And the stuff has to be easily configurable en masse - counties tend to need hundreds, thousands of these things, and they better all be the same. And they need to be able to be transported by folks who aren't necessarily gentle and set up by people who make your grandmother look like a tech support wizard.

      We were planning on doing a project to produce a reference model for such a system via the University of California (multi-campus project with UC Santa Cruz in the project lead position) but we got cut out of California's HAVA (Federal voting act) funding when the previous California Sect'y of State got caught up in a brouhaha on other matters. It's still worth doing - every state would benefit.
      • by jez9999 (618189) on Thursday August 24, 2006 @05:44AM (#15968395) Homepage Journal
        Makes you wonder why they bother with all the added hassle of machine voting at all, really.
        • by frdmfghtr (603968) on Thursday August 24, 2006 @09:18AM (#15969024)
          Makes you wonder why they bother with all the added hassle of machine voting at all, really.


          AMEN!

          I used to be on the electronic voting bandwagon, but when I saw that it was prone to failure and couldn't be trusted, I jumped off. When machines are reported to carry several thousand votes more than there are registered voters in a precinct, how can ANYBODY say "well, the number isn't enough to change the outcome." How do you know this? What about "errors" that go undiscovered? A little here, a little there, all under the radar so to speak...until you put them all together.

          Paper, paper, paper...mark your ballot with a black marker, drop it in a box, and it gets counted by a representative of each party. No electronic storage to deal with, no way to electronically change results, and it's a permanent record.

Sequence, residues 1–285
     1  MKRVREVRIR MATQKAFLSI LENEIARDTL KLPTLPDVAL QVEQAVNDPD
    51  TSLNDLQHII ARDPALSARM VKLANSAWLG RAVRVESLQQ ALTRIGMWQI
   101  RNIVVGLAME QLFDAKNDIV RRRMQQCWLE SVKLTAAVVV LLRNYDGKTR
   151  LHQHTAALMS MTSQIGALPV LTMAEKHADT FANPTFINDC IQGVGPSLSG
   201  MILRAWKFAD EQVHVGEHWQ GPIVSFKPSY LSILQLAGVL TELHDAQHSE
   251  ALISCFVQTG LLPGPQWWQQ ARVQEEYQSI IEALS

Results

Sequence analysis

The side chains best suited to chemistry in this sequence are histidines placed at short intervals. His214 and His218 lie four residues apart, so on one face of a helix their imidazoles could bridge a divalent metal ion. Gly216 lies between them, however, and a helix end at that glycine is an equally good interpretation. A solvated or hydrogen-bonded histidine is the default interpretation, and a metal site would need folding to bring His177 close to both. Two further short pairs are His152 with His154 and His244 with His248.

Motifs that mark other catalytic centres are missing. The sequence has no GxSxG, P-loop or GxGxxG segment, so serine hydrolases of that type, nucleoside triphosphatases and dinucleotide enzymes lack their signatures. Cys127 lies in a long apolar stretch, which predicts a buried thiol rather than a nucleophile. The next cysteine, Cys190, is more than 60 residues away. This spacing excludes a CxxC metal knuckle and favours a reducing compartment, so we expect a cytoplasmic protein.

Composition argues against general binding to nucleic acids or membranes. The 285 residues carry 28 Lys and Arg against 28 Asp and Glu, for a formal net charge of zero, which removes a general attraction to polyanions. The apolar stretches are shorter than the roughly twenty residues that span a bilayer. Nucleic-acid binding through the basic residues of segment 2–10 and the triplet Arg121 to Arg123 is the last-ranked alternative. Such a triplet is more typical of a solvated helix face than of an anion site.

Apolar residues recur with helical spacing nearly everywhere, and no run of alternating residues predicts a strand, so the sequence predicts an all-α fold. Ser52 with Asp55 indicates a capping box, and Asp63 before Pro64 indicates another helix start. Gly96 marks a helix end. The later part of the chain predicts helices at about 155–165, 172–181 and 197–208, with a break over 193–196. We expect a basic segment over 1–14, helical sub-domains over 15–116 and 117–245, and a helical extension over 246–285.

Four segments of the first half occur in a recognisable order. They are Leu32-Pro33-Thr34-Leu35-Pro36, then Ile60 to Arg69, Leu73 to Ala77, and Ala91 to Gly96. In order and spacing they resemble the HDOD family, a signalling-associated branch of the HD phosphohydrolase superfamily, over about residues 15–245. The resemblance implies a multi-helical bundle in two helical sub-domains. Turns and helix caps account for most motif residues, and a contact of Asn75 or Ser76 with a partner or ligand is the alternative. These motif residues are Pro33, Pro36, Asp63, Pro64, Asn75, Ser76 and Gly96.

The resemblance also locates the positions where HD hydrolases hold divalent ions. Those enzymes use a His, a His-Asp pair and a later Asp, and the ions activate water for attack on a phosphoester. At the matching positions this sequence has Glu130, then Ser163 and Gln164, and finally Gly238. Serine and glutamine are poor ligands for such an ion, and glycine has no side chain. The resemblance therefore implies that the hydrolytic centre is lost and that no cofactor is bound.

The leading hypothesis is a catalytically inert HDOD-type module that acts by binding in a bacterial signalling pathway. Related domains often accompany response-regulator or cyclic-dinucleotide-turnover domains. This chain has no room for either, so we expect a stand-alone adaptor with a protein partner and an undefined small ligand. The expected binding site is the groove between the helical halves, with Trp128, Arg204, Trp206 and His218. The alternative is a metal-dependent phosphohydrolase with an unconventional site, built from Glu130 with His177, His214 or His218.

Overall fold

The only two ways it can fail (that I can think of):

          (1) The ballot is a misprint in which case it is simply destroyed (again, witnessed by a representative of each party that it is in fact a defective ballot) and a new, blank one re-issued. The ballot is examined to be defect-free BEFORE being handed to the voter.

          (2) The marker runs dry.

          The only way there can be fraud is if the votes are tampered with after being deposited; since all ballots are in human-readable form, then the ONLY way to tamper with them is also in human-readable form.

          We can process millions upon millions of bank transactions every day but cannot count votes without grotesque errors? Come on people! It's not that hard!

          • by Alfred, Lord Tennyso (975342) on Thursday August 24, 2006 @10:36AM (#15969592)
            Paper has other important failure modes. The marks can be made in an ambiguous fashion; electronic voting machines can prevent that.

            Also, paper ballots can only present the choices one way, so there's no possibility for a second-chance "These are the votes you're casting. Are you sure?" step. That's particularly important when the ballot design itself is confusing.